Home for the Holidays
When it comes to spending the holidays with family, some things never seem to change. Aunt Harriet always makes her yummy pecan pie, Uncle Jack always drinks too much, your brother inevitably starts a political debate with your husband, and your parents always . . . well, hmmm, some things do change.
It’s human nature to resist change, and sometimes in our efforts to keep things the same, we fail to notice how our parents have changed. But while holiday visits are occasions for joy, love and tradition, they’re also an opportunity to really look at our parents, observing their homes and how well they are faring to determine if they need additional help living independently.
The holiday dinner table isn’t the place to bring up your concerns or get into heavy conversations. It’s best to trust your gut, and bring up your observations when the moment feels right, preferably in casual conversation.
Dad, I noticed you were having trouble getting down the stairs. How about we install better lighting on the staircase, and maybe a hand rail?
In the meantime, offer to help around the house without being asked. And in between the eating, drinking and merry-making, make note of the things to discuss with your siblings and/or address with your parents in future talks. Even if your parents insist they’re doing fine, check out the following areas to see if there is something they need help with.
• How do they look? Are they noticeably heavier or thinner? Do they stoop or stand upright? Have their looks changed in any significant way?
• How is their balance? A balance problem could indicate a medication problem or an incorrect eyeglass prescription, and warrants a visit to the doctor.
• Are their clothes rumpled or soiled when they used to be immaculate?
• Are they practicing good personal hygiene or have they let themselves go?
• How’s their hearing? If they’re giving you answers to questions that don’t make sense, they should have their hearing tested by a professional.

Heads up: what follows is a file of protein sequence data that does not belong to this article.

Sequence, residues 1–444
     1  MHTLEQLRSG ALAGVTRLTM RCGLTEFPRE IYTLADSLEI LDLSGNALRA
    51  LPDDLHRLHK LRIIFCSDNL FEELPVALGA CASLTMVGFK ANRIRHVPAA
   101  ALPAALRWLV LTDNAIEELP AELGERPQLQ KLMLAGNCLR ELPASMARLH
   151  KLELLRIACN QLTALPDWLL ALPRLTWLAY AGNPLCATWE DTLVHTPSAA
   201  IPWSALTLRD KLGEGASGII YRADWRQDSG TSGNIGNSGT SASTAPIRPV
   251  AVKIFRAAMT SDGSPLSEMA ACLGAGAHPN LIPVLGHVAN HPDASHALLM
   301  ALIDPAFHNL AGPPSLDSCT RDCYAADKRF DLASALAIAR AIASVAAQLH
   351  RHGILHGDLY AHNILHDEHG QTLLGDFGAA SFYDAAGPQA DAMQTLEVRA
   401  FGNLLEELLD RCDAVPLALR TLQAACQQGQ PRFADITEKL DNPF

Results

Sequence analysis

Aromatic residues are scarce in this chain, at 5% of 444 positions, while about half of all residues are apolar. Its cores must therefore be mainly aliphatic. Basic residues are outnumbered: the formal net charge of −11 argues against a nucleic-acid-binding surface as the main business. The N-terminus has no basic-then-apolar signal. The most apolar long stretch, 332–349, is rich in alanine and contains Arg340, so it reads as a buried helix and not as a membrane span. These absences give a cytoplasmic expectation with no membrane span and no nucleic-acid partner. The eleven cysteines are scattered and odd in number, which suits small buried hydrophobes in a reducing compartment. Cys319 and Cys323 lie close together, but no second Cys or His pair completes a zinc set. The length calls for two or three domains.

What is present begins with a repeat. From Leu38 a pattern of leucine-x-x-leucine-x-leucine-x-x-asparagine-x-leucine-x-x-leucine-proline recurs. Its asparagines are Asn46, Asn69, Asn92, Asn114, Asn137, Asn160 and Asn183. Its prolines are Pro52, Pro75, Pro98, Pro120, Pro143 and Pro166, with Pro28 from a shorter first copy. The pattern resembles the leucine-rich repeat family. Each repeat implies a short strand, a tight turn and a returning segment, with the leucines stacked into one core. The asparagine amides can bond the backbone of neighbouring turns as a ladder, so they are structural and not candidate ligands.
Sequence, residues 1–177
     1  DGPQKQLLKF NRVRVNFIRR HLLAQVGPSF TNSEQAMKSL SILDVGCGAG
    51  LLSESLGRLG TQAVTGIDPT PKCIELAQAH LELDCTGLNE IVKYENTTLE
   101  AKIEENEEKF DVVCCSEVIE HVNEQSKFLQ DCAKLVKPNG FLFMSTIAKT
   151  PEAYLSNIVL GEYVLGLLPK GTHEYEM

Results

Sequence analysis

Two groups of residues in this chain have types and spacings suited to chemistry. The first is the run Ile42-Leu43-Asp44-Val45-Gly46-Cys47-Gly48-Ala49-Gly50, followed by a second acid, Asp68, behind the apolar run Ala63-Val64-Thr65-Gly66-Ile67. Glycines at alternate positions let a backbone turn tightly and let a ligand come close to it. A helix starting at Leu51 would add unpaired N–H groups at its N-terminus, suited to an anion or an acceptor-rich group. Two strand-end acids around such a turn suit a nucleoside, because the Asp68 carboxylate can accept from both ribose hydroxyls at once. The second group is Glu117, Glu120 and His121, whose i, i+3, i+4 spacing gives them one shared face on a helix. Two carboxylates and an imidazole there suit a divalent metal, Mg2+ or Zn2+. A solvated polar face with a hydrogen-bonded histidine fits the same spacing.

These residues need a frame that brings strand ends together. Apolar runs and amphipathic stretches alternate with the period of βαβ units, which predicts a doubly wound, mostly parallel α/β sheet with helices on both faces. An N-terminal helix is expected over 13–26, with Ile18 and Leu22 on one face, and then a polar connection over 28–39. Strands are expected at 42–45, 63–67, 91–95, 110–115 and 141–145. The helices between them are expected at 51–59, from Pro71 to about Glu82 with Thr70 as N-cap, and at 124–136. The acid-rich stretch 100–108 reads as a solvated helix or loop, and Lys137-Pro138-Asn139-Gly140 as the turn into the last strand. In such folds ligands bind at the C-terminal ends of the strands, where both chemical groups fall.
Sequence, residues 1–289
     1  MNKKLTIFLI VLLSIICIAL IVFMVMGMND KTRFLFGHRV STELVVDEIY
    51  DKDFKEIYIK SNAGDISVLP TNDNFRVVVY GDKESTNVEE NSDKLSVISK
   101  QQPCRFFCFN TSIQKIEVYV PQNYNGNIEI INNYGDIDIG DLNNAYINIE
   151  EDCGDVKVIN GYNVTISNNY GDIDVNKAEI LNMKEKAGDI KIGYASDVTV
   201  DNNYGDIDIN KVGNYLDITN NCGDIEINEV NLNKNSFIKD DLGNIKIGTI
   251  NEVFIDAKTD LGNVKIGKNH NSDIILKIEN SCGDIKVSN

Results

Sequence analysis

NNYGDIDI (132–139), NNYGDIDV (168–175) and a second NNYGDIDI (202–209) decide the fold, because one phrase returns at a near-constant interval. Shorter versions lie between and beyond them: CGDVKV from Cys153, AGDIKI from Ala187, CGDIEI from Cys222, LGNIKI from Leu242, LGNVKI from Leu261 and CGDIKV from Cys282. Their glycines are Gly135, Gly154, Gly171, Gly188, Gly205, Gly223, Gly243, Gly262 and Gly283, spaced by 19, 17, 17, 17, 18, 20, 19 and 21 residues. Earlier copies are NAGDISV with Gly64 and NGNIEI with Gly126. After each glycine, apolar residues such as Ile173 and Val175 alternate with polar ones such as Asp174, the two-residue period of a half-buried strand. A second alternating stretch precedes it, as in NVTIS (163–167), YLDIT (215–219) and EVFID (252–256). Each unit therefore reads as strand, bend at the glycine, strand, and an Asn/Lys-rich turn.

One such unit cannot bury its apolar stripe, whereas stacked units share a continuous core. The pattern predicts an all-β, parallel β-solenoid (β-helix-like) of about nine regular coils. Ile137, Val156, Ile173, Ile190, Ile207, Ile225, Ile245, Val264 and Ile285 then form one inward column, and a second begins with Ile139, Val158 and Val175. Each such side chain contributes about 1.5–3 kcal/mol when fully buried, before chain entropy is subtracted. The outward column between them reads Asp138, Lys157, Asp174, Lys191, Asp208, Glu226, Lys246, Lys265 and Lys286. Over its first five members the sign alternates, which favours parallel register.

• If you don’t already know about their health problems and medications, now is the time to ask. Are they taking new medications? How do the drugs make them feel? Are their prescriptions up to date? Has their doctor reviewed all of their medications for side effects and potentially dangerous interactions? Are they taking their medications as directed? Would a pill organizer be helpful?
• Is the house clean and well-kept, or does it need more maintenance than usual? Offering to help with whatever needs to be done around the house will give you a pretty good idea of things that are not getting done.
• Does the stairway have handrails? Is the stairway well lit? Are carpet coverings tight or wood non-slippery?
• Rugs – Could rugs be a tripping hazard? A rumpled throw rug is a falling hazard. Non-skid rugs should be used on bathroom floors.
• Bathroom – Is there a step-in bathtub or walk-in shower? What about a shower chair? A toilet safety frame? Are there handrails in the shower and in the toilet area?
• Clutter – Are there newspapers, magazines, shoes and other materials lying around or on the stairs? Keep these things away from common walk areas.
• Storage – Is everything within easy reach? Eliminate the use of ladders and make sure storage items are in convenient, accessible locations.
• How’s their driving record? Have they been in any fender benders or received any tickets since your last visit?
• How’s their driving? Take a ride with them and observe their skills. Is their driving erratic or smooth? How is their reaction time? Are they obeying the driving laws? Do they miss signs and make risky maneuvers? Are you gripping an imaginary steering wheel the whole time?
• Check their mail. Are there late notices? Has the mail even been opened? Are bills stacking up?
• Are there bills they can’t pay?
• Do they keep all of their financial information in one place where you can access it in an emergency?
Their Mental Health
Memory loss does not necessarily mean that someone has dementia. A professional in this field gave me an analogy that sticks in my mind. She said that memory loss relates to someone who forgot where he or she put the car keys, but someone suffering from dementia may not remember that he or she owns a car in the first place.
Keep an eye out for the following signs, and if they persist, consult with a professional:
• Changes in short-term memory
• Trouble adding and subtracting
• Using words incorrectly when talking
• Jumbling words
• Becoming quiet and withdrawn
• Loss of interest or initiative
• Inability to carry out plans
• Becoming more angry, frustrated and restless
• Struggling to perform what used to be routine tasks
Have a wonderful time being with your family during the holidays. Give your parents the most thoughtful gift of all: your loving presence and caring attention.